South Yorkshire Police has been told it ‘requires improvement’ by inspectors.
The South Yorkshire police force are one of eight considered below standard by Her Majesty’s Inspectorate of Constabularies, HMIC, in their latest inspection of efficiency.
The inspectors said that the force had been: “assessed as requires improvement in respect of the efficiency with which it keeps people safe and reduces crime.”
“South Yorkshire Police has limited understanding of current and future demand and workforce capability. This is affecting adversely the quality of services it currently provides.”
They did say that the force was handling the current demand well but that it was struggling with preventative measures and understanding future demand.
The SYP’s new operating system was also criticised as being implemented “at a time when it did not properly understand its workforce capability and capacity.”
South Yorkshire Police and Crime Commissioner Dr Alan Billings, agreed with the criticism, saying that: “a lack of strategic vision and a failure to understand demand has made workforce planning too finance rather than function driven.”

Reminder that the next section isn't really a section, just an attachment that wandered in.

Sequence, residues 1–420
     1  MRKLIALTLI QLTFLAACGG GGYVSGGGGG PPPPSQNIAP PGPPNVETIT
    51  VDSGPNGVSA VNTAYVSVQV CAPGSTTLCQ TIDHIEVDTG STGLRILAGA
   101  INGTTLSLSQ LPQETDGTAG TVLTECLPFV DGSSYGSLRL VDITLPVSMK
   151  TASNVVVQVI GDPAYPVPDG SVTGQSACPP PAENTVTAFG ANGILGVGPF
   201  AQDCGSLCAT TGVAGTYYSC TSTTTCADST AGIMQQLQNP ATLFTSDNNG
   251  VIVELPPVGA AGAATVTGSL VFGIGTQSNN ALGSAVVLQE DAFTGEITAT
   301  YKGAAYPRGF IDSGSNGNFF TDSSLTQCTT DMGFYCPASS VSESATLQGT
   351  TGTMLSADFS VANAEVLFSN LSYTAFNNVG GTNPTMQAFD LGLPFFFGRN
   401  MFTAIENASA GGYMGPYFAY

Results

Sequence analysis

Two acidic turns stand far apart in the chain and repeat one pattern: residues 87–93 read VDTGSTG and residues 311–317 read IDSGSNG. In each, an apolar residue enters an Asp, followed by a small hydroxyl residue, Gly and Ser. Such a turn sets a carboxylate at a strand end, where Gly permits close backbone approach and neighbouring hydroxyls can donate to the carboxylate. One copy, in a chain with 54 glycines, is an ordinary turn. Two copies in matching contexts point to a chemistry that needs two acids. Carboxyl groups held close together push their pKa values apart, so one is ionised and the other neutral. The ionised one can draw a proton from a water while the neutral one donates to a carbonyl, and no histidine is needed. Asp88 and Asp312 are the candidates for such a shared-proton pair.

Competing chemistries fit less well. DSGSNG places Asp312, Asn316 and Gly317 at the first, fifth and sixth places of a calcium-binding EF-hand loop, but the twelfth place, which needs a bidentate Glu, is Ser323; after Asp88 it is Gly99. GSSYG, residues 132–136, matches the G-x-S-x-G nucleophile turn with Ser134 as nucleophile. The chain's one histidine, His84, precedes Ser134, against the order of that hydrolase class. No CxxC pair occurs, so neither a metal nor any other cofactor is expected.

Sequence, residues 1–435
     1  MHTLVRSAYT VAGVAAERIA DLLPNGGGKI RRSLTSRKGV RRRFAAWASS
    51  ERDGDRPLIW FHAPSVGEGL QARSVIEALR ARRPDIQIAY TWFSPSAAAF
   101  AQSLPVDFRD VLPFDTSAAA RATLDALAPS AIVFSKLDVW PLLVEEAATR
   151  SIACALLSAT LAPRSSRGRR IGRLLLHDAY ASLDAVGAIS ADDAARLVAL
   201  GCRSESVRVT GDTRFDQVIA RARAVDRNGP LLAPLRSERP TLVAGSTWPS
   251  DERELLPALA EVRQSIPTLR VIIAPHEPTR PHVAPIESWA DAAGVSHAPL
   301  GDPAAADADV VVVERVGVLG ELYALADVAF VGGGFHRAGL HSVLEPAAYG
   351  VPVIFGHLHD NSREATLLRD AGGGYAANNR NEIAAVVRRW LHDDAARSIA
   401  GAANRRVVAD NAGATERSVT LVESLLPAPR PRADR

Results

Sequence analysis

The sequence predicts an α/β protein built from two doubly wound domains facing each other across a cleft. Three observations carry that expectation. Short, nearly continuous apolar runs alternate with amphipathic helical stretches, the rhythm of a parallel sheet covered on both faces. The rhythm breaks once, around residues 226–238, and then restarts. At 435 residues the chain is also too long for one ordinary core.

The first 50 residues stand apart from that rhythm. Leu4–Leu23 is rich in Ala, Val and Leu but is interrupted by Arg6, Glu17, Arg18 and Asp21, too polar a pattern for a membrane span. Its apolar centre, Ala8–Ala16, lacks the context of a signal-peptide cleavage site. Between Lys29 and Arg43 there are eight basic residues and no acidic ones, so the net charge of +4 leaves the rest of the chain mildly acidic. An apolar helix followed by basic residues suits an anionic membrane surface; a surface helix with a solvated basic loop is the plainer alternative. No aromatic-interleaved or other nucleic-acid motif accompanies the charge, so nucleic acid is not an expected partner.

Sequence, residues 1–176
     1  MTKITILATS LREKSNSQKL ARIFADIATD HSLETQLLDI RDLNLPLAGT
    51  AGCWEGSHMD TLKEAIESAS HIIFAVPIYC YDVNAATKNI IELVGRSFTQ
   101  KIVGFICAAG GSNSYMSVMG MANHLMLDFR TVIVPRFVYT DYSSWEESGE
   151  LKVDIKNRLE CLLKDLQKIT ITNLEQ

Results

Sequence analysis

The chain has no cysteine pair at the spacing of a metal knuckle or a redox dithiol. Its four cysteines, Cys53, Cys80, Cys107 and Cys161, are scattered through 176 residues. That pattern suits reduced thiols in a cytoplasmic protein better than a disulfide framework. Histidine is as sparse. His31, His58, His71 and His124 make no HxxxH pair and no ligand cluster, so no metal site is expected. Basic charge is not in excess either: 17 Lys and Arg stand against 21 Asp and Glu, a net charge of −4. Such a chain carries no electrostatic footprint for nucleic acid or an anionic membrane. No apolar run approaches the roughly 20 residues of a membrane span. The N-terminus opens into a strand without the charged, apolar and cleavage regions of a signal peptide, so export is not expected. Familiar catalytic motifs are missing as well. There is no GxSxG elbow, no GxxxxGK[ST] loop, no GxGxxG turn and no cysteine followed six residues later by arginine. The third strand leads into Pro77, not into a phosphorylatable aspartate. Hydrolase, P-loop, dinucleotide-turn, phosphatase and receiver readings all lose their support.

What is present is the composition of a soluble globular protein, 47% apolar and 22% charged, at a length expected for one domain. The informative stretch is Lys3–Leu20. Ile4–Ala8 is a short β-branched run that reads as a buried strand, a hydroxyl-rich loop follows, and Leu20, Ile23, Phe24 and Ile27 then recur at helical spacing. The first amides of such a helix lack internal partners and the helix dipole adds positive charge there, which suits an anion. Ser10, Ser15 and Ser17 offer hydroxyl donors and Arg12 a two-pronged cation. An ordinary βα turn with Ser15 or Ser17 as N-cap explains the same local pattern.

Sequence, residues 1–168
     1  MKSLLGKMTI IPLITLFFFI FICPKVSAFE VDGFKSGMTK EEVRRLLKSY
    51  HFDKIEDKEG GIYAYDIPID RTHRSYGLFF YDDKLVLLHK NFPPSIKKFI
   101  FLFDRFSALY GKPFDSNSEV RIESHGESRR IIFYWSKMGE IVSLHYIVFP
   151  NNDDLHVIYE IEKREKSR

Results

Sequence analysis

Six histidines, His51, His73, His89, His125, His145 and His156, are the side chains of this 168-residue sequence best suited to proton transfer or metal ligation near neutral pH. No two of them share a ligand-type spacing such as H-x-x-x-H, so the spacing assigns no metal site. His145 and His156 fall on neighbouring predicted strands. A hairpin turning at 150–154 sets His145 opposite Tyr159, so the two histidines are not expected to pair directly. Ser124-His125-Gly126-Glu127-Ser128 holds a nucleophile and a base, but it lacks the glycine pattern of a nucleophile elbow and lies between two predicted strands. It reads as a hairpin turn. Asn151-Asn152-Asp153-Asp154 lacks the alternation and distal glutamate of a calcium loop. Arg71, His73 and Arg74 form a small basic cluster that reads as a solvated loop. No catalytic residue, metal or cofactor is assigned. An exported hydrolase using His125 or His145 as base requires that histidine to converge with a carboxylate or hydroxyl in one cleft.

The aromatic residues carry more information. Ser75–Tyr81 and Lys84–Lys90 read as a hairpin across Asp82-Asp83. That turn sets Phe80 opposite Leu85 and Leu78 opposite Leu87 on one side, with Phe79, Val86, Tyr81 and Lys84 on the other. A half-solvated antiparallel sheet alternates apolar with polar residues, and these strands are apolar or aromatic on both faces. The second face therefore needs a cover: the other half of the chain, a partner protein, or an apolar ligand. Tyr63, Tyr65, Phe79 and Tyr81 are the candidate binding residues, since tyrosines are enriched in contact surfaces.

Mr Billings did explain that most issues had already been identified by a peer review in May-June; “Nothing in this report comes as a surprise. The peer review findings have already provided the incoming Chief Constable, Stephen Watson, with a very clear idea of where the force’s priorities must lie… The HMIC report does not change those priorities but only confirms them.”
Temporary Deputy Chief Constable Rachel Barber, added: “We are already acting on the areas highlighted as requiring improvement by HMIC, in line with the recommendations provided.”
“Every officer and member of staff within South Yorkshire Police is committed to ensuring our communities can have trust and confidence in the Force.”
This follows heavy recent pressure from campaigners’ eager for an investigation into the 1984 clashes at Orgreave.
A public inquiry into the violence between the miners and the South Yorkshire police forces has been ruled out but a group of MPs are now backing the investigation.
The PCC Mr Billings said he was shocked by the decision not to investigate: “This was a critical moment for the police service in South Yorkshire. It could have shown that it had really learned lessons of past mistakes and was ready to co-operate fully with any enquiry. We wanted to see a new era of openness with no attempt to be self-justifying or defensive.